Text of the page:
Latest posts in Notes from the Panther Lounge
In spring 2014, the Toronto District School Board — Canada's largest — embarked on a program of putting photovoltaic panels on more than 300 of its school buildings. When complete, it will create enough power to meet the annual needs of about 4,250 homes. But Richard Christie, senior manager of the board's sustainability office, says the program generates far more than electricity.
The Solar Schools Project had its genesis in a pilot, launched in 2010, for which small (one- to 46-kilowatt) solar arrays were placed on 12 schools. Income produced through sales of this power helped establish the board's Environmental Legacy Fund, which gives teachers $400 toward the cost of a $650 course in ecological education. "These courses will have a big impact on the [school] system," Christie explains. "Ten years from now we'll see a lot more principals who have environmental education as a priority because they took these courses when they were teachers."Continue reading »
Roughly six months ago, I planted a seed. I met a group of conscientious parents, their teenage children and the co-founder of Vision Youth, Eric Li, in Markham, Ontario.
I presented to them what Camp Suzuki: Howe Sound 2015 did and what Camp Suzuki: Howe Sound 2016 will do for their fast-growing teenagers.Continue reading »
What's the Homegrown National Park Project?
• Thirty retired canoes relaunched as pollinator-friendly planters
• Sixty-five keen volunteer Homegrown Park Rangers
• Thousands of milkweed plants welcoming monarch butterflies
• Musical parades, outdoor movie screenings and community events — including Homegrown pizza nights!
This award-winning project began four years ago. It aimed to transform Toronto neighbourhoods, one fun, citizen-led step at a time.
Each spring, we recruited and trained residents of neighbourhoods along the former Garrison Creek. With the support of DSF staff, these Homegrown Park Rangers gained skills and confidence. Then we set them loose. They established new pollinator-friendly spaces in their neighbourhoods. They created food- and art-filled community events that engage their neighbours. And they did it all for the sake of bees, butterflies and other essential critters.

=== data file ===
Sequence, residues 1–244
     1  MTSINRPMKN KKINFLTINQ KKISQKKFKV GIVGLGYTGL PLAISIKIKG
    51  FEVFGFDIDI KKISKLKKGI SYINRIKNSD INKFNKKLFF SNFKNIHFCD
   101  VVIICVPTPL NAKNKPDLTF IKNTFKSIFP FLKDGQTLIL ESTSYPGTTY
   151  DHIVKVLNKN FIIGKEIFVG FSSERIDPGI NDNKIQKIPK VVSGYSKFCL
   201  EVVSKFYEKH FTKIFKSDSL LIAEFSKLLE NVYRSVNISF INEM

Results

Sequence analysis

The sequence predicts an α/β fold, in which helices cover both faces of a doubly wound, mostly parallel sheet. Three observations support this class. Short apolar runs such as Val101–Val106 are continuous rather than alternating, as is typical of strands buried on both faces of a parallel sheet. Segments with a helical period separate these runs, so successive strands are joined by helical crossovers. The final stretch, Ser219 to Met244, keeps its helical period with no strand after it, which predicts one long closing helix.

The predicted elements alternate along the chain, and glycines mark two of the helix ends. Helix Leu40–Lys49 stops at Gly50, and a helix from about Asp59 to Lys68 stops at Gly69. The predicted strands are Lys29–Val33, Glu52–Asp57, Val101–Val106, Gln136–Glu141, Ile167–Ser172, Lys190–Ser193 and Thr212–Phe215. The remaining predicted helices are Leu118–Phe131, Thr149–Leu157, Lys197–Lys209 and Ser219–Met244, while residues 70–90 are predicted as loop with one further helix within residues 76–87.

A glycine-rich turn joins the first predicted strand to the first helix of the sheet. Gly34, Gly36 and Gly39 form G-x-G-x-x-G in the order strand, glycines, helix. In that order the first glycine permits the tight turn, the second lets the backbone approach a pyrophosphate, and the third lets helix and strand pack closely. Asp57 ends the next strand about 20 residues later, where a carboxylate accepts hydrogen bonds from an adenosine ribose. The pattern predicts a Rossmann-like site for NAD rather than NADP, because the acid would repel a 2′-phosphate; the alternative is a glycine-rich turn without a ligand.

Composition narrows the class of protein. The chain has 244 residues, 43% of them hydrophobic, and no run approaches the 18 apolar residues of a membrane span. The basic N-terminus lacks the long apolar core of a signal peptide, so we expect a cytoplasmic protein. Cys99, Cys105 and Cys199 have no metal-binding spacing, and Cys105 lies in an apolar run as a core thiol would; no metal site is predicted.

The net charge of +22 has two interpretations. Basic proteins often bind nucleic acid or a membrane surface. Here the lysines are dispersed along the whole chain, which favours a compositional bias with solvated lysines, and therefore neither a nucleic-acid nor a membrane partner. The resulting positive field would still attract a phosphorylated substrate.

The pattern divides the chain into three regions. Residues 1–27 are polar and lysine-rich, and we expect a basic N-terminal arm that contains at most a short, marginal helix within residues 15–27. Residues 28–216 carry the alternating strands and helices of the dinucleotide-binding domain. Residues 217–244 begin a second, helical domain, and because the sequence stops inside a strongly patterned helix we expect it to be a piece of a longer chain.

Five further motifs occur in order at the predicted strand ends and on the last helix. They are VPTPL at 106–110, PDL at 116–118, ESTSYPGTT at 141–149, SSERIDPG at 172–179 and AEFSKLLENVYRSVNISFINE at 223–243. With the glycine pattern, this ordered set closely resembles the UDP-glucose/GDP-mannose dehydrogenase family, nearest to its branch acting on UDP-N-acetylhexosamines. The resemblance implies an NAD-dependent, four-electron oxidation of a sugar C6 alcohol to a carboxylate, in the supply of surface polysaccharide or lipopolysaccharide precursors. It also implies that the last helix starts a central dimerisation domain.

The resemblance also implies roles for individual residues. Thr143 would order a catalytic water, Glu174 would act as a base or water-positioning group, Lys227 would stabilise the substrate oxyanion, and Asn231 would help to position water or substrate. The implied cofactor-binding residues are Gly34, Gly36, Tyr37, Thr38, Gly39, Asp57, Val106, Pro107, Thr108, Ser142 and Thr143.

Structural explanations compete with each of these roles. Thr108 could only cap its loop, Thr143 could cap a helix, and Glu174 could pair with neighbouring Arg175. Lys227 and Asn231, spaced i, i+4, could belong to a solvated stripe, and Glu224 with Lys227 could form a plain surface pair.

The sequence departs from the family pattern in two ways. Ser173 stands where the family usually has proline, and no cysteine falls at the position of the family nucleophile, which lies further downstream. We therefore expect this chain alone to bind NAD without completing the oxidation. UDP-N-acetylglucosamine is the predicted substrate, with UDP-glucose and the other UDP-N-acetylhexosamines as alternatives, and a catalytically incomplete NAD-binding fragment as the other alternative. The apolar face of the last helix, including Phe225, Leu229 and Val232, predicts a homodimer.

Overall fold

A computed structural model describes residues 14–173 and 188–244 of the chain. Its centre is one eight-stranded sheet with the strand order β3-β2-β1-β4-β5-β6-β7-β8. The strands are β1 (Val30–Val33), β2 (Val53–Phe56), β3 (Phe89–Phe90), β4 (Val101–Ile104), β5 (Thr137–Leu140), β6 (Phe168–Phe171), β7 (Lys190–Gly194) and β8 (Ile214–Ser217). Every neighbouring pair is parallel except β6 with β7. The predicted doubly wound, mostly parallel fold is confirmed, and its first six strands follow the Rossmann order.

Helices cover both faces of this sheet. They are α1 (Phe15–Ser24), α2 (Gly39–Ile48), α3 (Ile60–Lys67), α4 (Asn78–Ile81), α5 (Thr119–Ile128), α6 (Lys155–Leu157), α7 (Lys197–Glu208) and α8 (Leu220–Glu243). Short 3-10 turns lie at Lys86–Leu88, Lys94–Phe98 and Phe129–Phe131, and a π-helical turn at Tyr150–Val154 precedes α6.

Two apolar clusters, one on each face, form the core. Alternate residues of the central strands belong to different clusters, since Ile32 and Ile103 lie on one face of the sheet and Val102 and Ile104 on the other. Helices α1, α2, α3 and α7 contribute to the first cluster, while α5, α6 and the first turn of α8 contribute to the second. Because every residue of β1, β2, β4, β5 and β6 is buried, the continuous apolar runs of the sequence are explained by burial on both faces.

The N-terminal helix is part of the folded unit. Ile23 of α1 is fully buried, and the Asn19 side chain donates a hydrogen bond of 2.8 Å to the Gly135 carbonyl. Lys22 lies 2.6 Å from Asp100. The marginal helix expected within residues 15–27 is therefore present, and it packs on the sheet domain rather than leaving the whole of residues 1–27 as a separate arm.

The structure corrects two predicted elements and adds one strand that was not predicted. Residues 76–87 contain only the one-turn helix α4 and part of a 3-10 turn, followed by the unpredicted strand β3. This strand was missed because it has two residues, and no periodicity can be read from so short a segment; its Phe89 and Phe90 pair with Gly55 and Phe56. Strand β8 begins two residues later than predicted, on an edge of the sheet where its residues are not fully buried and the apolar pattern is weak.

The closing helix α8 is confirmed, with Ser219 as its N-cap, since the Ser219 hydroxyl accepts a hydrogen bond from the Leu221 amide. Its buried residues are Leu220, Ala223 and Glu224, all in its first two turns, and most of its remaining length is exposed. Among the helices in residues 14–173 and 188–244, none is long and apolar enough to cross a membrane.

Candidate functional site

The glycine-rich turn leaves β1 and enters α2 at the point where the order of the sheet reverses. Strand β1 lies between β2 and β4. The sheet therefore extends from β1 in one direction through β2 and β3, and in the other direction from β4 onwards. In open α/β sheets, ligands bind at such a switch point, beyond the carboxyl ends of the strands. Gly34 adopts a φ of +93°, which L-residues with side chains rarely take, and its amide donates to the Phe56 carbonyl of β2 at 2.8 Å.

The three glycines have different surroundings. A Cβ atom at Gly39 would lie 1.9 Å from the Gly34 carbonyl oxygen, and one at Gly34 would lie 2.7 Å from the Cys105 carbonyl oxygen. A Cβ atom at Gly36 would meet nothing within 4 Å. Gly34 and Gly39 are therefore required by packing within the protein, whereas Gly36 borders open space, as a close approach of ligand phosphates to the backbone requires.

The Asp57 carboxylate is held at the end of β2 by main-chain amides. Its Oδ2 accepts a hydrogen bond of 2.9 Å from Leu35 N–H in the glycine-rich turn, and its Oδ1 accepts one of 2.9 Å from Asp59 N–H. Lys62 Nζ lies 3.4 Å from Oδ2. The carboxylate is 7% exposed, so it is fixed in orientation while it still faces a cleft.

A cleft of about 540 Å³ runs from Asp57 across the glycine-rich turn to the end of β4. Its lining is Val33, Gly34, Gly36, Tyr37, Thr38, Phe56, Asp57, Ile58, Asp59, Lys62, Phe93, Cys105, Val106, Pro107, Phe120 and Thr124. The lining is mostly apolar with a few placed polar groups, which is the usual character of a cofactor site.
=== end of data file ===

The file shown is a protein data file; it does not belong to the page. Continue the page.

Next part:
Ranger Aidan's community canoe project landed thousands of pollinator-friendly canoe planters. Ranger Marc's rain garden project transformed 11 front yards into flood-busting rain gardens. Rangers Anjum, Georgia and Gillian helped swap pavement for pollinators along Palmerston Square. That inspired the adjacent school to hatch its own exciting greening plan. And Ranger Michael began a "butterflyway" of pollinator patches through his Cedarvale neighbourhood.
This year, the Homegrown National Park Project will focus on:
• Greening Toronto laneways (like this and this)
• Growing our canoe garden fleet
• Creating more butterflyways through the city
• Hosting more outdoor events — movies, pizza nights and the fourth annual Park Crawl September 25!
This year we're excited to begin bringing the joys of the Homegrown National Park Project to communities across the country through the launch of our national Butterflyway Project this fall. For a sneak peak, check out this video.
For more information about the Homegrown National Park Project, check out www.davidsuzuki.org/homegrown and visit our Facebook page. If you want to get involved, contact Jode Roberts at email@example.com.
I'm mostly a walker and runner, not a bicycle rider, but I find myself drawn to cycling nevertheless. Why is that?
I like what it does to Toronto, my city, and appreciate the cyclist's physical presence. The steady pumping of thighs as the rider progresses up Beverley Street, up St. George, at human speed, human scale.Continue reading »
In 1962, a Dryden, Ontario pulp and paper mill began dumping untreated mercury waste into the Wabigoon River, upstream from several First Nations communities, including Grassy Narrows, home to the Asubpeeschoseewagong Netum Anishinabek people. Until 1970, more than 9,000 kilograms of mercury poured into the watershed. Mercury contamination has devastated the local environment and community members' health to this day.Continue reading »